Shoulder Injuries

Swimmers, including triathletes, commonly suffer from shoulder pains.  This pain is usually felt either at the rotator cuff or between the shoulder blades.


Stresses in these areas affect the athlete’s performance long before they are even aware that they are having a problem.


Competitive swimmers must swim thousands of meters each day in order to achieve the fitness level required for competition. The front crawl is not kind to the shoulder joint, especially when executed incorrectly.


The majority of injuries suffered by such swimmers is related to the stress involved in the repetitive actions of their limbs while swimming, as many as 20,000 to 30,000 strokes per week for competitive training. In a typical workout of 4000 meters, each arm will rotate 1280 times. Any biomechanical problems at the start of the swim will only get worse with this many repetitions!


The most common injury is Swimmer’s Shoulder – a term commonly used to describe pain in the shoulder, and is almost always caused by the repetitive actions of the front crawl. This injury is also known as rotator cuff tendonitis or shoulder impingement syndrome.

Effects of Repetitive Motion and Shoulder Injuries

The soft tissue stresses caused by the repetitive motions of freestyle swimming is often compounded in triathletes by the constant stress of holding the torso in a fixed position upon the bicycle’s aero-bars.


Pain between the shoulder blades is caused by the constant neck extension and the back position required to support the weight of the cyclist’s torso while bent over in the aero-bar position. This pain is often an indication of several problems in the body’s kinetic chain rather than the usually diagnosis of tight Rhomboid muscles or a Rotator Cuff Tear.


Repetitive motion, constant tension, and pressure often result in inflammation and swelling of soft tissue. The body responds to this inflammation by laying down scar tissue (cross fibers across the tissue) in an attempt to stabilize the affected area. This scar tissue:

  • Restricts motion.

  • Reduces circulation.

  • Inhibits nerve function.

  • Causes ongoing friction and pressure. This results in the production of yet more cross fibers and adhesions across inflamed soft tissues.

Training Techniques and Shoulder Injuries

Poor swim technique, over-training, unilateral breathing, too large a swim paddle, or improper elbow-to-shoulder angle on the bike can easily cause shoulder problems.


Even though these training factors can be modified, the biomechanical restrictions that have been created in the triathlete’s body are seldomaddressed or resolved by just exercise and massage.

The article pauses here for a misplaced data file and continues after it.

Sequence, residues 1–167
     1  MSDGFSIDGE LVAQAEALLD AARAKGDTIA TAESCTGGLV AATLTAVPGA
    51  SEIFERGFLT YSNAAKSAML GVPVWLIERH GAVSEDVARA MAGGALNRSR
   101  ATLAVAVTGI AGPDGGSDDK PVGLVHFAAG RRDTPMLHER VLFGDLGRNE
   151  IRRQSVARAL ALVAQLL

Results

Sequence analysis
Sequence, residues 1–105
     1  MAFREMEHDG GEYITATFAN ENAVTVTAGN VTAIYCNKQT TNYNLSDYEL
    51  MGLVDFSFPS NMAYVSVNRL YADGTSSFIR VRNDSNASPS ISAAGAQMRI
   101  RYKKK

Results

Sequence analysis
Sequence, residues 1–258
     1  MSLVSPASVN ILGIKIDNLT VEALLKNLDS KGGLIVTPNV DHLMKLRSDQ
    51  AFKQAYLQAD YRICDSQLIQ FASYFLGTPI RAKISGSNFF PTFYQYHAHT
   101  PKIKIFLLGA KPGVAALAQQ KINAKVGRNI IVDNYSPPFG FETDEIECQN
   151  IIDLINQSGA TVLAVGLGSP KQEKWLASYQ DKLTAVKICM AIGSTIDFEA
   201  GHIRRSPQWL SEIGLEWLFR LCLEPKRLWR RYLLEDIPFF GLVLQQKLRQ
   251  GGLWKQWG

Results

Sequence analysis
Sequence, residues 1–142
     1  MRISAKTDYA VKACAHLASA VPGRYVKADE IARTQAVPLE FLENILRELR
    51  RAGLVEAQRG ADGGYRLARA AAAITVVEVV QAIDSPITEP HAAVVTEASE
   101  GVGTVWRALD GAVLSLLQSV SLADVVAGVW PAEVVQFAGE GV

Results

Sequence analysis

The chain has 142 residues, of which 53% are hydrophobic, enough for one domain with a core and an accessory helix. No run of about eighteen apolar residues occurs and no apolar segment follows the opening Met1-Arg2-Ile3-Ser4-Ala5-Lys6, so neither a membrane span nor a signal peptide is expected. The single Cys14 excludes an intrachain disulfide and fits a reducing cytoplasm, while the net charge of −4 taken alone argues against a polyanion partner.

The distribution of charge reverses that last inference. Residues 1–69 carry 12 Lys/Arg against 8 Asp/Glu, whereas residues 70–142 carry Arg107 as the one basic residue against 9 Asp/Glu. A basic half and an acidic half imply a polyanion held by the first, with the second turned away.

These biomechanical stresses lead to future injuries and inhibit the triathlete and swimmer from reaching his or her full performance potential. It is necessary to correct these biomechanical problems at the source (by removing restrictions between the shoulder’s tissue layers) if the swimmer is ever to achieve their full potential.

Muscles Affected by Shoulder Injuries

Equally important, different athletes may present with identical pain patterns, but each athlete may have completely different soft-tissue structures that are impaired or injured.


Before treatment takes place, an extremely specific examination, biomechanical analysis, and diagnosis must be performed. It is important for the practitioner to look past the initial point of pain to identify other structures that are involved in the kinetic chain.


People suffering from rotator cuff injuries (swimmer’s shoulder or impingement syndrome) will often receive treatment for the Infraspinatus, Teres Minor, Supraspinatus, and Subscapularis muscles.


However, this limited focus ignores numerous associated soft-tissue structures (ligaments, muscles, blood vessels, fascia and nerves), which either caused the injury or whose restrictions greatly reduce an athlete’s performance level.  For example, swimmers often suffer from biomechanical restrictions in these primary swimming muscles:


* Latissimus Dorsi – A muscle that inserts into the Scapula and Humerus.
* Triceps – Mostly commonly the outer head.
* Deltoids – Medial, posterior and anterior sections.
* Psoas – Hip flexor that attaches to same general area as Latissimus Dorsi. A tight Psoas can cause a tight shoulder when you follow the kinetic chain of those structures.  The Psoas is also the most common muscle affected during the cycling portion of the race.
* Pectoralis Major/Minor – Flexes, adducts and medially rotates the arm.

It is essential to release the restrictions in these kinetic chain structures in order to fully resolve the problem.

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